As a business owner you know fees and property taxes impact the bottom line. The Chattanooga City Council's recently passed ordinance extends healthcare insurance to the "domestic partners" of city employees. Unless your business has no real estate or you do not lease a building, the cost of Chattanooga's employee domestic partner benefits should concern you.
Your property taxes will be used to fund the highly subsidized insurance coverage provided to the girlfriends and boyfriends of city workers who qualify. If you think this insurance will only be available to a select few same-sex couples, think again. The ordinance applies equally to heterosexual and homosexual unmarried partners. It also covers the dependents of the partner, even those unrelated to the employee, so long as the employee wishes to claim them. Statistically speaking, insurance coverage of heterosexual girlfriends and boyfriends will likely far exceed the male/male or female/female partners.
The special interests that forced passage of this ordinance would have you believe that those who oppose the ordinance hate homosexuals or are religious fanatics. Contrary to that rally cry, the petition effort is not about hating people who are gay. It's about putting this matter before the taxpayers who pay the freight. They deserve the right to vote this one "up" or "down."
Furthermore, not wanting to give married health benefits to unmarried people does not mean you hate homosexuals or heterosexuals. It's about not creating another unfunded entitlement during a time of insurance and healthcare crisis. As the Unaffordable Care Act unfolds, there could not be a worse time to enlarge the number of healthcare enrollees that taxpayers support.
If you view this ordinance from strictly a business perspective, it tracks back to your bottom line. This is not a Chicken Little wake up call. If you need a live example of how poor elected official decisions are manifested, take a look at your annual storm water fees. The need to address those issues didn't crop up overnight. It took years of misspent dollars and ignoring ditch maintenance by the prior mayor and his appointees. They subtlety and creatively led our city to owe millions of dollars to satisfy the long overlooked federal water regulations.
For business owners, salaries, wages, and healthcare costs are among the biggest budget expenditures. If employee healthcare expenses skyrocket, revenues go down. With city government the results are different. If the city's employee healthcare expenses go up, elected officials look to property owners to make up the difference. As a taxpaying commercial property owner, that chicken comes back to roost on your front step.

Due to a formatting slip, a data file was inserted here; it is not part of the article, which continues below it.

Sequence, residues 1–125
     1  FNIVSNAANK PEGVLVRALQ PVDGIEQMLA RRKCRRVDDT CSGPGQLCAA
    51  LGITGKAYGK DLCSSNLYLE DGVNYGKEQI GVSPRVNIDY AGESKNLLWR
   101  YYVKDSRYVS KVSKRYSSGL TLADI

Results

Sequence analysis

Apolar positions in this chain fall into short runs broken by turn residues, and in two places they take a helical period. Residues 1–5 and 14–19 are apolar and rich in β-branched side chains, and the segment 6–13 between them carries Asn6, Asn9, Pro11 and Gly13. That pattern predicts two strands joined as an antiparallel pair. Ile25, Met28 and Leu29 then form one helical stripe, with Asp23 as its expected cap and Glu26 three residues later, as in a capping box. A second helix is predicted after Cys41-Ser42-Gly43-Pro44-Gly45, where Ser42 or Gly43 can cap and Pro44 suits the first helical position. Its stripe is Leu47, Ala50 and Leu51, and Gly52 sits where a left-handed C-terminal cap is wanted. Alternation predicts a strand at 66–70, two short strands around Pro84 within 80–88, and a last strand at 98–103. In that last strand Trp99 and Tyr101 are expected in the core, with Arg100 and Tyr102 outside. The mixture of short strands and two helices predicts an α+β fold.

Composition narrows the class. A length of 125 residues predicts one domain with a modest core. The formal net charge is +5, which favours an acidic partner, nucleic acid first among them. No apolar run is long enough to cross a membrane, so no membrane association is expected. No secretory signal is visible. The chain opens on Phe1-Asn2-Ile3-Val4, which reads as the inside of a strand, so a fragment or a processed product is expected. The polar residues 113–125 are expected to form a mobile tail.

How much will it cost to extend healthcare benefits to all the unmarried live-in partners of city employees? It's a good question. The Berke Administration has estimated the entire cost probably won't exceed 1 percent of the total benefits budget. Their estimate is $168,000/year. Please keep in mind that the city has a self-insured insurance plan. There are about 2,700 employees. We don't know what it will cost. When asked for a specific cost, the city human resource director had to admit he really did not know. We do know it will be significant and it will go up.
Knowing what you know about healthcare costs, do you think $168,000/year would cover the costs of adding girlfriends, boyfriends and their dependents to city insurance coverage? In a self-insured health plan, one very ill person's bill could easily consume the total estimate in short order.
If you think the ordinance is a good idea for the city and you are also moving to provide insurance coverage for all your employee's "domestic partners" and their dependents, do nothing. However, if you think the City Council members who voted for the ordinance (Jerry Mitchell, Carol Berz, Moses Freeman, Yusuf Hakeem, Chris Anderson) made a bad decision, lend your support to the petition drive. Go to www.itsyourvotetn.com
and download copies of the petition. Place the petitions on the counter in your business and encourage city voters to sign it. Since the city of Chattanooga passed this, only city of Chattanooga registered voter signatures can put it on the ballot for a city referendum.
If you can help or have questions, call 499-1284. Citizens for Accountability and Transparency will arrange for petition pick-up at your place of business. There must be 4,500 registered voter signatures by Dec. 3 to qualify for a place on the ballot. They seem to be fighting to protect something you ought to care about.